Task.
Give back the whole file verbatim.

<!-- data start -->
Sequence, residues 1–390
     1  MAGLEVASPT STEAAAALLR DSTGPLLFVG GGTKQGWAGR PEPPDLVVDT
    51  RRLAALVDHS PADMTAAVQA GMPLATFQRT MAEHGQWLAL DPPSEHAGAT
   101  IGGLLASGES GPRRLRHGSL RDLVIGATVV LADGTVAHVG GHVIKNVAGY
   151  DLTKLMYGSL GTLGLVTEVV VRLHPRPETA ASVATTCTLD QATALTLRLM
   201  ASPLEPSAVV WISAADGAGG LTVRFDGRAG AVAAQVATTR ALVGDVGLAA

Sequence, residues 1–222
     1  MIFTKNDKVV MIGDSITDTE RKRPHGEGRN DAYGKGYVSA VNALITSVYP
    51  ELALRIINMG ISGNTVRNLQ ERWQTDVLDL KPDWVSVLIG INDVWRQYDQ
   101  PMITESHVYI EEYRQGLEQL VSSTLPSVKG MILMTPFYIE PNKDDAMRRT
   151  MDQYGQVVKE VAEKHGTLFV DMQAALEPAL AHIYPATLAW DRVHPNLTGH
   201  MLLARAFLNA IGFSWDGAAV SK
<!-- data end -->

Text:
Sequence, residues 1–390
     1  MAGLEVASPT STEAAAALLR DSTGPLLFVG GGTKQGWAGR PEPPDLVVDT
    51  RRLAALVDHS PADMTAAVQA GMPLATFQRT MAEHGQWLAL DPPSEHAGAT
   101  IGGLLASGES GPRRLRHGSL RDLVIGATVV LADGTVAHVG GHVIKNVAGY
   151  DLTKLMYGSL GTLGLVTEVV VRLHPRPETA ASVATTCTLD QATALTLRLM
   201  ASPLEPSAVV WISAADGAGG LTVRFDGRAG AVAAQVATTR ALVGDVGLAA

Sequence, residues 1–222
     1  MIFTKNDKVV MIGDSITDTE RKRPHGEGRN DAYGKGYVSA VNALITSVYP
    51  ELALRIINMG ISGNTVRNLQ ERWQTDVLDL KPDWVSVLIG INDVWRQYDQ
   101  PMITESHVYI EEYRQGLEQL VSSTLPSVKG MILMTPFYIE PNKDDAMRRT
   151  MDQYGQVVKE VAEKHGTLFV DMQAALEPAL AHIYPATLAW DRVHPNLTGH
   201  MLLARAFLNA IGFSWDGAAV SK